- Identify a belief. This can be a religious belief, an ethical belief, political belief, or any other one about which reasonable minds can disagree. Beliefs that are held by the vast majority of people (such as a widely accepted scientific fact) are not good choices for this assignment). A good topic will have reasonable evidence and reasoning supporting both sides.
- Consider other points of view, or counter-arguments. Think about what you find persuasive about these counter-arguments, as well as how you might argue against them. Try to keep an open mind. Remember, we are engaging in philosophical dialogue, not trying to win an argument.
- Examine the multiple points-of-view and weigh the evidence. Identify any unsupported assumptions or holes in the argument.
- Consider the consequences of the beliefs presented. Philosophical thinking is an ongoing process, so it is important to identify questions for further thinking and to wonder about factors and circumstances that might change your view about a particular question.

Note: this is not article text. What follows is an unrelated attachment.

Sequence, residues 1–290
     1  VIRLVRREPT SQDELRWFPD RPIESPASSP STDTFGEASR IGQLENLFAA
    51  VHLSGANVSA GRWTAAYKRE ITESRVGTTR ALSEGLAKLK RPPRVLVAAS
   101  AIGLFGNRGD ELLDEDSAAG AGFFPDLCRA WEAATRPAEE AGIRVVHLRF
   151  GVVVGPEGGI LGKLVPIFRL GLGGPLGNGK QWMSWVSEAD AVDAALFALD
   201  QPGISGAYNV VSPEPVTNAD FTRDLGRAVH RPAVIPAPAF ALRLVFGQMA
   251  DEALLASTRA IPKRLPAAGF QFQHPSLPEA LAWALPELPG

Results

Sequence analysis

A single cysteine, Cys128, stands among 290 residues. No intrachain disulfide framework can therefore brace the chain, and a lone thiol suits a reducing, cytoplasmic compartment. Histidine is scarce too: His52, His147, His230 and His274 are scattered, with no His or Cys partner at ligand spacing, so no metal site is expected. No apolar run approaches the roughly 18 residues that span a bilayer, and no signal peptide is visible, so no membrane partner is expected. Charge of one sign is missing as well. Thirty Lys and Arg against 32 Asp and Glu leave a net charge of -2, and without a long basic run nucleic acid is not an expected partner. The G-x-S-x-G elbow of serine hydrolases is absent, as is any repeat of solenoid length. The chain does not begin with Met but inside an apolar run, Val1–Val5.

Using the analysis from Part I, write a 2-page dialogue between Socrates and a person of your choosing (i.e., the Interlocutor) that examines the belief.
- Have the Interlocutor present the belief and reasons you identified in step 1 of Part I.
- Have Socrates pose questions that encourage the Interlocutor to consider other points-of-view as well as any problems with their argument, drawing upon the multiple points-of-view you identified in steps 2 and 3 of Part I, as well as the potential consequences of a given position as identified in step 4 of Part I.
- Make sure your dialogue arrives at a conclusion. Keep in mind that it may be different from the belief or point of view you started with, and could be somewhat open-ended. As you searched for reasons that support your belief or point of view, you may have also come across reasons that challenge your beliefs. Don’t hide from these challenges. Remember, philosophy requires us to examine and even question our beliefs. If you find yourself more persuaded by the other points of view, don’t despair! Unlike a formal debate, the kinds of arguments we make while engaging in philosophical thinking are open to revision.